Lightning Arrestor for Cathodic Protection Systems Packs a Punch!

17
Oct

The easy to install “underdog” JA Electronics D8998 Lightning Arrestor takes on Mr. Direct Lightning Strike to provides significant lightning surge protection…

In this corner we have the heavyweight champion 10/350 100kA knockout champ – Mr. Direct Lightning Strike. In the other corner we have the 6 oz, 3” long x 2” wide x 1.5” tall underdog challenger- the small but slippery D898 Lightning Arrestor.

Let’s get ready to rumble… Lightning Strike sets up and delivers its best hit – a 10/350 surge packing 100kA of punch. The little D898 looks doomed, but in less time than a blink of an eye, the D898 engages, side slips the direct blow and deflects the surge punch to the ground. It’s a knockout for the underdog D898 Lightning Arrestor.

A lightning arrestor protects cathodic protection systems, rectifiers and RMUs from strikes and surges.

Lightning is no trivial thing for cathodic protection systems with thousands of rectifier units, remote monitoring units and other electrical devices spread across the United States.

Most of the United States is considered high risk territory for lightning strikes, with Florida having the most strikes due to its numerous summer storms.

Two Types of Lightning Strikes

What most people don’t know is that there are two different lightning strikes. The most common is the negative strike. Negative lightning strikes typically occur with warmer weather storms and represent 90% of strikes worldwide.

The positive lightning strike, while much rarer, packs a bigger punch with higher peak currents. As a result, it transfers more charge and has a higher specific energy. Positive strikes occur much more frequently during cold front storms.

Induced Lightning Strikes Can Affect Cathodic Protection Equipment

In addition to direct strikes, cloud to cloud strikes, which occur much more frequently than direct strikes, can in some cases create an induced strike. These induced strikes can transmit along a power line to connected devices including CP Rectifiers. Although much less powerful than a direct strike, they can still be dangerous to equipment.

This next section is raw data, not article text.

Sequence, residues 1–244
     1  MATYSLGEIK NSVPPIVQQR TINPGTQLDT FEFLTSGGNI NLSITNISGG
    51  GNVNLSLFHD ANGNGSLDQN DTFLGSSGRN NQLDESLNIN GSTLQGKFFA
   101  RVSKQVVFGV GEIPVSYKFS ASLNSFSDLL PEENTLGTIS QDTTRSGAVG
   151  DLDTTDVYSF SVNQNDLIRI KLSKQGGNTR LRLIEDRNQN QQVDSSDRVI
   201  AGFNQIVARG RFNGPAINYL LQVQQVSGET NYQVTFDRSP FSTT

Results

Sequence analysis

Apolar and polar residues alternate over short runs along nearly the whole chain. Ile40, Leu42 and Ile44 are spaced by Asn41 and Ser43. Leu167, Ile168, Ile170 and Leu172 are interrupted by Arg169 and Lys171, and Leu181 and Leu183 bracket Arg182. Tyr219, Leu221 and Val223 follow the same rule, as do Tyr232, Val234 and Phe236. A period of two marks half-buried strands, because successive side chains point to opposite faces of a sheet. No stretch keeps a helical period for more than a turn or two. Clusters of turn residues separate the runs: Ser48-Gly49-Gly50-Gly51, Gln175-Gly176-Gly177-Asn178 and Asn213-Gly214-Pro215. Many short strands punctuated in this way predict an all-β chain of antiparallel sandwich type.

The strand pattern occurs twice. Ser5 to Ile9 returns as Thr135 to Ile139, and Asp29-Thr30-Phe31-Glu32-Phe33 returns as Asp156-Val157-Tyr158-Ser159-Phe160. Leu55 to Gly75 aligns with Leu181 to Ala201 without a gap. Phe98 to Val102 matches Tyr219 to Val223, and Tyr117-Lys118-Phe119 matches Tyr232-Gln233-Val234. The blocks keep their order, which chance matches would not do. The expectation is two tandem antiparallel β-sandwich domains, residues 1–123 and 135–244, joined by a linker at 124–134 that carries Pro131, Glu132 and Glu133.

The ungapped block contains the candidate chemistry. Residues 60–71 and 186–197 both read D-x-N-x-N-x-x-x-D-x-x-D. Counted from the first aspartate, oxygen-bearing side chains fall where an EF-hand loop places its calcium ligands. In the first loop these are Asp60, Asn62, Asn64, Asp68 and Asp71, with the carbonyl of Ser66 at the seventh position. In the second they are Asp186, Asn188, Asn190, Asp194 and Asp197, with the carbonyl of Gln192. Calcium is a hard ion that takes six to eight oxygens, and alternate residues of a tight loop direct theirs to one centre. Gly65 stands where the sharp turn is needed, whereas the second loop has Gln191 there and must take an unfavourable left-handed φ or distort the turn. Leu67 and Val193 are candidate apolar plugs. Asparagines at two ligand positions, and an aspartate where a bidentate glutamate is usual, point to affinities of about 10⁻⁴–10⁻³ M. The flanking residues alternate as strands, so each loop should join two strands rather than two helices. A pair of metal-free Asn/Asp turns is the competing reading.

What is a lightning arrestor and how does it work?

A lightning arrestor is a device used to protect important equipment from lightning strikes and indirect surges.

The JA Electronic D898 Lighting Arrestor (l), wired to the DC negative and DC positive outputs as well as the cabinet ground (r).

The JA Electronic D898 lightning arrestor is a metal oxide varistor (MOV) device with a low leakage current. It acts as an insulator. It is effectively an open circuit (does not allow current to flow) at normal circuit voltages.

However, when a surge drives the voltage up in a split second, the arrestor quickly reaches its clamping or turn-on point and its resistance drops dramatically to divert the surge to ground.

The D898 Lightning Arrestor has been installed on thousands of cathodic protection systems and devices worldwide since 2006. It is available to install on new JA Electronics cathodic protection rectifiers, or as a retrofit to any rectifier unit including those by Universal, IRT and Cathodic Rectifier.

The lightning arrestor is easy to install and provides significant protection against lightning surges.

For more information contact your JA Electronics representative.

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